The negativity aside, some of Bon Iver, Bon Iver does work. Everything comes together well in “Perth,” from the military drums to the upwards sweeping motion from the electric guitar that you couldn’t get on For Emma, Forever Ago, not to mention Vernon’s wordless vocals acting as a one-man gospel is perhaps the most effective use of his voice on the album. Quite dig the huge throbs of bass on “Minnesota, WI” and I am saddened that they’re only used in the first instance of the chorus and not the second or third. “Towers” explodes at the 1:48 mark which justifies the previous two minutes’ existence – it really is that exciting. “Calgary” is the album’s best melody and the use of electronic blips and bleeps were the album’s brightest idea. And “Holocene” is a good one, though it ultimately has the same problem as “Wash.” in that it’s a repeated figure that’s repeated for too long but here, there’s active drumming that help make it an enticing listen. This is the sort of thing that Justin Vernon was going for in between For Emma and Bon Iver, Bon Iver, when he added drums to “Skinny Love” on live versions and the sort of thing that I wish Bon Iver, Bon Iver was more of. An intermediate step between the intimacy of For Emma, Forever Ago and the grand sweep that he tries for of Bon Iver, Bon Iver without losing either quality. These 5 songs would make for a good EP.
To close, I hope you guys read the following (I’ve italicized the special bits and bolded the really special bits): “[Bon Iver] are in the unfortunate cultural position of being a band that people are predisposed to hate—the pleasant but ultimately boring band that makes an accessible album that people freak out over for a while. Then, they’re forced to tour gigantic venues, but because their music only makes sense within the context of, like, a Starbucks, they end up being boring live unless you know all the words. Most of the time, the people who front these bands are affable about their newfound success, grateful even. Not Justin Vernon. He’s mad he wins Grammies, mad he sells records, mad everyone thinks he lived in an igloo in Vermont for a winter or some shit, mad his nonexistent Special Feelings get interpreted by legions of fans as their own nonexistent Special Feelings. Vernon isn’t some bearded woods philosopher here to rescue from Sadtown. He’s just some bro with a headband. It’s not his fault that he’s in the position he’s in, but his band still sucks.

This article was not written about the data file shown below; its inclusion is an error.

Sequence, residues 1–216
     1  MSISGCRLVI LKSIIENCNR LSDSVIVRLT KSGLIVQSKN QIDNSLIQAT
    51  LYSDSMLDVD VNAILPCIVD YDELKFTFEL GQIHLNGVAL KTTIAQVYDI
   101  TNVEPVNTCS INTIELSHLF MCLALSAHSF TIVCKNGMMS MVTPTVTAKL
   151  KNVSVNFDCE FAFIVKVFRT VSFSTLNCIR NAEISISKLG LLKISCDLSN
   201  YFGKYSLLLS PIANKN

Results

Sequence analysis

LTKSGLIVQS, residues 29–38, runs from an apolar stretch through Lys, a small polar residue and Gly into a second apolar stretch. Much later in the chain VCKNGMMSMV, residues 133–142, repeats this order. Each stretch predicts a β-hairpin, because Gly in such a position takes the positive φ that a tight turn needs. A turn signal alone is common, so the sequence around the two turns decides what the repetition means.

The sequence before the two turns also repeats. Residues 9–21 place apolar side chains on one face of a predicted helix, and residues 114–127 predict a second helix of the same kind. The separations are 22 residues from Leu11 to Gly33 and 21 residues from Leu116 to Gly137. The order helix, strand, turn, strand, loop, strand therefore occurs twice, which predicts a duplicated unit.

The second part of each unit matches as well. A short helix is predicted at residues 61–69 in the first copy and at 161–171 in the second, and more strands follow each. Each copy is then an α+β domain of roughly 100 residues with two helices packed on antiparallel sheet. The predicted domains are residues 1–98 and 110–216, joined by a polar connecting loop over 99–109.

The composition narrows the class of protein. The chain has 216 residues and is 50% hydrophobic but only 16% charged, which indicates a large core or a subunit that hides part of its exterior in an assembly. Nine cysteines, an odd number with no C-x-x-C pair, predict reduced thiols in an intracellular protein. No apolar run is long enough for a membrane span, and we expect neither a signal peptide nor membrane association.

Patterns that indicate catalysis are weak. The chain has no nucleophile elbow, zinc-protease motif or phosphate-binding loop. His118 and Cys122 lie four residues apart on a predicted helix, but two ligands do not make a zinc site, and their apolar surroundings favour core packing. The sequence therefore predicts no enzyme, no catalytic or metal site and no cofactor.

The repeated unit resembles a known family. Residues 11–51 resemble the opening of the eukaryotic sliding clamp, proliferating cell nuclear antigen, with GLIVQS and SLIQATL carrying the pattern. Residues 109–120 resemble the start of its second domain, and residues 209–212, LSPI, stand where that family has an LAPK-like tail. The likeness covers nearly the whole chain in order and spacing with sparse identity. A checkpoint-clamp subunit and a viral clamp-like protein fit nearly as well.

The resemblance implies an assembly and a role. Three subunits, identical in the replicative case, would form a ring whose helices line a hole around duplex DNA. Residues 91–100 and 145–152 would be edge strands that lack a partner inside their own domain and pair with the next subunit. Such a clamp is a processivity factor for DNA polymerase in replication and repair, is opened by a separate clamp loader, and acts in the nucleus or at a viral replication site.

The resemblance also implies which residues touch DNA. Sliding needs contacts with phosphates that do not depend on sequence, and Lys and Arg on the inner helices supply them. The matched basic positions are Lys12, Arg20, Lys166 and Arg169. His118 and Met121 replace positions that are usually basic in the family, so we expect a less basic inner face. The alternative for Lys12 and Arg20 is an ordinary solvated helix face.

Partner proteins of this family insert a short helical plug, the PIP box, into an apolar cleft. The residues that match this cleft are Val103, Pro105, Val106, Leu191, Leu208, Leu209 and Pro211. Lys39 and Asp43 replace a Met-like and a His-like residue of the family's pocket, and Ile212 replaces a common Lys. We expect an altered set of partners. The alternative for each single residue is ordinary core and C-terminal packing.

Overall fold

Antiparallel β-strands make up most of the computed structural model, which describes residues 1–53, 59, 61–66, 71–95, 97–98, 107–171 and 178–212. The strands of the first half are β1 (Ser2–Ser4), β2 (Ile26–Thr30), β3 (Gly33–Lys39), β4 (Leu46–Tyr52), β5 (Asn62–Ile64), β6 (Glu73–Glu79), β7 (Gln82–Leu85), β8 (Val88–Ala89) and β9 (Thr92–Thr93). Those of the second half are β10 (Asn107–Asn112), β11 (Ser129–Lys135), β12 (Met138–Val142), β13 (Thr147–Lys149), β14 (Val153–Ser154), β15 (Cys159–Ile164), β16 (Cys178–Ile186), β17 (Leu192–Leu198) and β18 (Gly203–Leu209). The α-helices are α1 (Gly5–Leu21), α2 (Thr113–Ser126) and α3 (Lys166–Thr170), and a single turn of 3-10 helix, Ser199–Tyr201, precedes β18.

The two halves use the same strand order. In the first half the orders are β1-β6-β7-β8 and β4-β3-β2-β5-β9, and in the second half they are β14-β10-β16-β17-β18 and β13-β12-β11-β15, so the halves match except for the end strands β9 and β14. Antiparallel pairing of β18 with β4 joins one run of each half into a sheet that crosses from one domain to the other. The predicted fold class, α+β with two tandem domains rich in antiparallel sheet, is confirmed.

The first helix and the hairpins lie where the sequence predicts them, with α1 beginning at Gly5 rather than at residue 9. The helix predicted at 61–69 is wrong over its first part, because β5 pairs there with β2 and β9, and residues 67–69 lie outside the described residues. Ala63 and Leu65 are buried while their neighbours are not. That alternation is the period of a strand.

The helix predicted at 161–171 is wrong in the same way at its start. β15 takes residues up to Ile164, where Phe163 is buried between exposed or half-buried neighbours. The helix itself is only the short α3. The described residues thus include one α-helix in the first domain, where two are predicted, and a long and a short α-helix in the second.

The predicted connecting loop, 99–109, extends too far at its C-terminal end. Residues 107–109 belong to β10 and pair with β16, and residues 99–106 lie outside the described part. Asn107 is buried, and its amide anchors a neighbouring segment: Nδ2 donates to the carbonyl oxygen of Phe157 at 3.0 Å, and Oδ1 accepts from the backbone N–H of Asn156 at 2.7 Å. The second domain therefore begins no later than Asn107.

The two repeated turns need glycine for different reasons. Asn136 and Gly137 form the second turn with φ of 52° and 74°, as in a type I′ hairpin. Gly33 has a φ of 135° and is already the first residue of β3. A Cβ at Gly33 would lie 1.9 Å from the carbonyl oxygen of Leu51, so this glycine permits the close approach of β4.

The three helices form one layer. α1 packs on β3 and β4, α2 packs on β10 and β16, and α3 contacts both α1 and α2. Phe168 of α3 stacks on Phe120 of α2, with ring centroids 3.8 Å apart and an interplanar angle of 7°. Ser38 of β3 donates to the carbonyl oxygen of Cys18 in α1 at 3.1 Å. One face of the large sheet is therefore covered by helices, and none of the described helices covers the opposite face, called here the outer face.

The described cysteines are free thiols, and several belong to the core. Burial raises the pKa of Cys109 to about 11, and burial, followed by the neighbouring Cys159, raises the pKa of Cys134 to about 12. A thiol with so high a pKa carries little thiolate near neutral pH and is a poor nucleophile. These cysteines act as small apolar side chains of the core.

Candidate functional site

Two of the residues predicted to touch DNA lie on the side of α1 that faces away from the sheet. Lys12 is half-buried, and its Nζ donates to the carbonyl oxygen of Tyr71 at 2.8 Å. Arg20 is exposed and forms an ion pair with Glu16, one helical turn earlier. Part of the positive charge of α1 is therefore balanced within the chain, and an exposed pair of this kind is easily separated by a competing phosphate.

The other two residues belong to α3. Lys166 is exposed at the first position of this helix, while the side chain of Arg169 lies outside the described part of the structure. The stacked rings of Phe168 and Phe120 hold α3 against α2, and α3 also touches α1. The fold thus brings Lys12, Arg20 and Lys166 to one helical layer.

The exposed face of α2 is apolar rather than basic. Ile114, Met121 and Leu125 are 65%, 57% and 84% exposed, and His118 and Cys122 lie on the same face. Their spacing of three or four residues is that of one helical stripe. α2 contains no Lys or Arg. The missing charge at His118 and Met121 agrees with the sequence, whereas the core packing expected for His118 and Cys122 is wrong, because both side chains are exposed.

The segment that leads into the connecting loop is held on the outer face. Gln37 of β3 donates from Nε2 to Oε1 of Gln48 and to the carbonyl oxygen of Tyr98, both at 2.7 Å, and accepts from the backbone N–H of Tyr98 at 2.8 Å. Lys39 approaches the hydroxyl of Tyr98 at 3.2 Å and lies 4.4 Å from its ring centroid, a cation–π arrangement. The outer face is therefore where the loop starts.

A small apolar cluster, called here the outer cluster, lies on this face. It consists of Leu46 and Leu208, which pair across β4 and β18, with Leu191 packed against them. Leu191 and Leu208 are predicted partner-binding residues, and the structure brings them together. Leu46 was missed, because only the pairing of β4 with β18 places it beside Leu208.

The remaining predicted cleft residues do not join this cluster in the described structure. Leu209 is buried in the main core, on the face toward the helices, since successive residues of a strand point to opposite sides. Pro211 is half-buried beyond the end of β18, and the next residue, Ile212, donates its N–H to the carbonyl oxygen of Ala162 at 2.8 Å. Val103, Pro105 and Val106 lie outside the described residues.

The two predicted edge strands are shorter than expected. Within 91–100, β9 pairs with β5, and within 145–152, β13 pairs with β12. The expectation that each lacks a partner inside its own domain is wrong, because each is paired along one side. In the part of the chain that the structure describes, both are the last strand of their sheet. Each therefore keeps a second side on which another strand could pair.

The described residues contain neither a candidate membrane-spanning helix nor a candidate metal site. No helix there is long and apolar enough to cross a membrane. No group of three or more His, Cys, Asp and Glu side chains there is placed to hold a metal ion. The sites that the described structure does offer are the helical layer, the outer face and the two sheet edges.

I have a friend whose most listened-to album of 2011 was Bon Iver’s Bon Iver (sic), because he worked at a chicken wing place and his boss wanted to play the most inoffensive music he could find. His thoughts on the album could be summed up by, “Pretty.” To call Bon Iver a one-trick pony would be inaccurate, because (a) they are a band and not a horse, and (b) their music actually has a shit-ton of sonic variation. The first Bon Iver album was recorded by Vernon by himself in a cabin in the woods when he was preparing for the zombie apacolypse (sic) (I don’t actually know the story and have no desire to learn it), and the second album was written and recorded with his band, so it’s naturally hella-more fleshed out. In theory, the two albums couldn’t be more different, but when you listen to them, the only conclusion you draw from both is, “Wow, this is pretty pleasant.” It’s in one ear, out the other. To put it another way: no one has ever fucked to Bon Iver. The moment the Hornsbytastic sound waves of “Perth” hit your ears, genitals, whatever, the fucking experience is transmogrified. Your feelings kick in, and all of a sudden you’re “making” “love.” One cannot thrust to it. One can only ease things into other things. Frankly, it’s too much pressure. What if you don’t even like the other person? While that’s fine and all, the whole musical oeuvre of Bon Iver is hokily emotional to the point of affectation.”
—Cinnabon Ivan, “Dear Bon Iver, Don’t Let the Door Hit Your Ass on the Way Out”